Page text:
Rocky Neptun has been riding the San Diego Trolley, without issue, for 15 years. But on the morning of June 29, he was shocked to find more than 40 armed Metropolitan Transit System (MTS) security personnel waiting at the San Ysidro station, demanding tickets.
“In all my years of riding the trolley I have never seen this show of militarized force,” Neptun said. “Access on and off the train was blocked at each door while officers demanded proof of tickets. Those without tickets and identification were handcuffed.”
MTS Trolley spokesperson Judy Leitner initially rebuked Neptun's account, saying that security “had two people assigned to San Ysidro on [June 29] at 10:15 a.m. and two who were just in the general South Bay area... so it isn't anything like 40 officers.”
Calls, however, to the interim director of MTS security, Larry Savoy, revealed that Neptun was not exaggerating. Savoy said the incident was not isolated and is part of a broader Special Enforcement Unit that convenes each Wednesday morning and evening to check 100 percent of riders at random stations throughout the trolley system.
“We literally draw station names out of a hat,” Savoy told CityBeat. “Then we deploy our officers [to that station]. They basically do all the... fare checking and loitering enforcement. The idea is that people know that they need a ticket. If they see only one person checking, then maybe they think the chances of being checked are slim.”
The San Ysidro station sees the most commuters in the San Diego trolley system and last month's station check was supposed to reflect and accommodate for the high-capacity zone.
Neptun questioned this heavy show of force, insisting that checking tickets could more easily be done train-to-train without such an intimidating display.
“On occasion I have seen four to five trolley guards descend on a station and board separate trains to check on whether riders have purchased tickets, which is a perfectly reasonable activity,” he said. “But to surround a train, blocking the exit doors by over 40 armed uniformed officers and only being allowed to pass one by one was a frightening experience for everyone on that train.”
Savoy countered that it wasn't excessive. “Not at San Ysidro, at least,” he said. “We could use 140 officers. We only have 40 to 50 officers to check all trains coming in, boards and de-boards, plus the patrons in the station.... The crowds are tremendous and overwhelming.”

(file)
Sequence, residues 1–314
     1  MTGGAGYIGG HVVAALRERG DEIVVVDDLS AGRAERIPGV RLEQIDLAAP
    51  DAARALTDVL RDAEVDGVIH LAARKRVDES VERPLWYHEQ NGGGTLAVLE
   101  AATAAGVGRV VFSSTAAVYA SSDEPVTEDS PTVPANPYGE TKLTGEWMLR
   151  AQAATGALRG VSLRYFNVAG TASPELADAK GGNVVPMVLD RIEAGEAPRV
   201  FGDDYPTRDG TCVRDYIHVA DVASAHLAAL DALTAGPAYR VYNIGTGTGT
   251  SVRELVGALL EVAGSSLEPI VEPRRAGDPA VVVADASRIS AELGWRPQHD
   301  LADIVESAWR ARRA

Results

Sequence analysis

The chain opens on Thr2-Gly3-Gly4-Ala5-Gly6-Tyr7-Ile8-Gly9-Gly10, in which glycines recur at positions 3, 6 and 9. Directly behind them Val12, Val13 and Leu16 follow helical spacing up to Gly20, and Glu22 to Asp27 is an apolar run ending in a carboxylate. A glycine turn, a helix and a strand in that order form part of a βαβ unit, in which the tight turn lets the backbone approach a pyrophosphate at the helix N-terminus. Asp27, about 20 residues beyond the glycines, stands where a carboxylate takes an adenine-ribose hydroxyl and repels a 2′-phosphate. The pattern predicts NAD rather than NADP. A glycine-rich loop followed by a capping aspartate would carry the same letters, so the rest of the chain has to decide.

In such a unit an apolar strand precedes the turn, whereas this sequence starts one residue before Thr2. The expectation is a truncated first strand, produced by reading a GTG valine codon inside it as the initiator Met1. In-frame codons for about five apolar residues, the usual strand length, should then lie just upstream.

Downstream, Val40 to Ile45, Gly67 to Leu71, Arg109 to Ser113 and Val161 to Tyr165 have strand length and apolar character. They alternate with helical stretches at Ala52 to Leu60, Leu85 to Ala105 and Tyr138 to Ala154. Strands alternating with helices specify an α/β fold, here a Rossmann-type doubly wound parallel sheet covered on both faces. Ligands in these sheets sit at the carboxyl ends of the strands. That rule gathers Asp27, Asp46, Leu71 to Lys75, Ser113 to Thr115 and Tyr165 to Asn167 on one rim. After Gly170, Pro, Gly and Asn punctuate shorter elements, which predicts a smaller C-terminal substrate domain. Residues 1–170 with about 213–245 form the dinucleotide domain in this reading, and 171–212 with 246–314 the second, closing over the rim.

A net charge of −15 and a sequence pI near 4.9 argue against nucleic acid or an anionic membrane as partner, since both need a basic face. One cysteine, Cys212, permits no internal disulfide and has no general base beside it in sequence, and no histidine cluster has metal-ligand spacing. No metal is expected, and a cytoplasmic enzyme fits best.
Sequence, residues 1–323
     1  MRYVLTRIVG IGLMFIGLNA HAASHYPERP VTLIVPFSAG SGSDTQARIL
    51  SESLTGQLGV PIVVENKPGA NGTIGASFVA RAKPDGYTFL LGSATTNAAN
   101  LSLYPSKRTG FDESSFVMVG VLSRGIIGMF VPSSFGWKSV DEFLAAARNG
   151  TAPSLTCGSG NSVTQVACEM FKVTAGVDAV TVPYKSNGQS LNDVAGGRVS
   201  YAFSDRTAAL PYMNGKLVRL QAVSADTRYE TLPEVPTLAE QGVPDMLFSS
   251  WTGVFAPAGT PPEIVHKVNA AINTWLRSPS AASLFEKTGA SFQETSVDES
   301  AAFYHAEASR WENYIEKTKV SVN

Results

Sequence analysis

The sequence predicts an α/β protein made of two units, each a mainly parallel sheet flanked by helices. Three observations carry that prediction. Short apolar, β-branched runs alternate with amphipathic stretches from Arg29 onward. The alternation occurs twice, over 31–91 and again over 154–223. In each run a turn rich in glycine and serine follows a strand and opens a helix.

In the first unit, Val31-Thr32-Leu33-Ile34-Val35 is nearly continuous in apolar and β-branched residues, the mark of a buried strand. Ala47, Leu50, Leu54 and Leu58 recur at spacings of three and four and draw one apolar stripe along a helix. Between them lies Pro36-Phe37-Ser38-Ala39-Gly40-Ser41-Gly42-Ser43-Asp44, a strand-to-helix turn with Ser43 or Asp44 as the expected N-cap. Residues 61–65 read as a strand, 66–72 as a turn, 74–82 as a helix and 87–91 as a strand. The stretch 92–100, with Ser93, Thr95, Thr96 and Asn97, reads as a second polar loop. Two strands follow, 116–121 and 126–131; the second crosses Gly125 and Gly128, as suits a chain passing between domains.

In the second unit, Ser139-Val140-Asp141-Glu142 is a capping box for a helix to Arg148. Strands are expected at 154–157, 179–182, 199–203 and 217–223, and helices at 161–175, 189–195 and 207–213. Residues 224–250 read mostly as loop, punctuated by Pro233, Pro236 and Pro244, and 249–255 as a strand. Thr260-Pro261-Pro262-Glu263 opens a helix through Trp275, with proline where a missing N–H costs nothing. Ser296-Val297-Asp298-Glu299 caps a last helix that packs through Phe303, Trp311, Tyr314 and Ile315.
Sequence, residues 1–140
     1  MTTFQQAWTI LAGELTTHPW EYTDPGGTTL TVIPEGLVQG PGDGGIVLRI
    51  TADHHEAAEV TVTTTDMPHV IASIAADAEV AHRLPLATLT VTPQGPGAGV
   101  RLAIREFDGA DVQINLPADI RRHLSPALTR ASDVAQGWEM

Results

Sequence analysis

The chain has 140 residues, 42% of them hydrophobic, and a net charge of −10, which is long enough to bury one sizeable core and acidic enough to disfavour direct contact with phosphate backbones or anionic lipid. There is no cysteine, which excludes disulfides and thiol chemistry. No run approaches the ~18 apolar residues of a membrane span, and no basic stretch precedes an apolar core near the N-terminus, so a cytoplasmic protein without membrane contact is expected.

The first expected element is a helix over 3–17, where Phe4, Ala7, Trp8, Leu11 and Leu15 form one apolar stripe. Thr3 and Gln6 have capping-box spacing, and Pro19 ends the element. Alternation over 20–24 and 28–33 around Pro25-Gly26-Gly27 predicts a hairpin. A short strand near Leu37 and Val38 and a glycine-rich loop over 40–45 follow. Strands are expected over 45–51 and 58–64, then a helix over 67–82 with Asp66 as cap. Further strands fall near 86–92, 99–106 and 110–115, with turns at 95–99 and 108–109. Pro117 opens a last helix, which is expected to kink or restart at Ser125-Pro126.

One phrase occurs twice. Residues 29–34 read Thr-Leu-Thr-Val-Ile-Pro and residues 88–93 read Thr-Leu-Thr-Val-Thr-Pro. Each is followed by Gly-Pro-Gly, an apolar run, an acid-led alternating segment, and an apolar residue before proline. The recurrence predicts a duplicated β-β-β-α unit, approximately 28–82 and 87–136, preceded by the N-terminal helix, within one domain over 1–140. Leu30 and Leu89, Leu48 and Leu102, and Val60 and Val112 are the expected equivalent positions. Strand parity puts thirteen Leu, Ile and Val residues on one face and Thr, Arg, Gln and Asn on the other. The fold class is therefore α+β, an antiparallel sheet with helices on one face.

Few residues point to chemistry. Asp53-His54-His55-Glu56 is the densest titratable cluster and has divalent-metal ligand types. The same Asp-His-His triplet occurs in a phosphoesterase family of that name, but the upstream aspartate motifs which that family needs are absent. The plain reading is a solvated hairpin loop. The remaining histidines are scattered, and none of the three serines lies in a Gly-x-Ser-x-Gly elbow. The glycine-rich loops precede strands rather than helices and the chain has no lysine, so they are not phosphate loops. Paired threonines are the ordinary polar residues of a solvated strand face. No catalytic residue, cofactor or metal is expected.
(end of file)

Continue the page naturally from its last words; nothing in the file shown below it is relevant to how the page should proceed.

Leitner said MTS has the right to check anyone at a trolley station. “At the point where you come into contact with the station, you have entered a ‘fare-paid zone,'” she said. “Once you enter you must have a ticket or be in the process of buying a ticket and we can inspect anyone in the fair-paid zone to see that they do have a ticket.”
In the course of checking tickets, officers may come across people with outstanding warrants, in which case they can detain or arrest suspects, Savoy said.
Trolley riders who don't have tickets are usually given a citation, he said.
As for the armed officers Neptun encountered, MTS Marketing Director Jessica Krieg said there are two types of officers on the trolley lines, the unarmed code compliance inspectors (CCI) and the mostly-armed security personnel.
“Security is armed because their role is more security/police related as opposed to code compliance which is primarily checking fares,” she said. “The mission of armed officers is security for the trolley, and they assist CCIs with patron counts, issuing citations, fare checking and making arrests.”
Usually, both an armed security officer and an unarmed compliance inspector walk the beat together at San Diego trolley stations. Currently, MTS has a disproportionate number of armed to unarmed personnel monitoring trolleys-27 CCIs and roughly 125 security officers.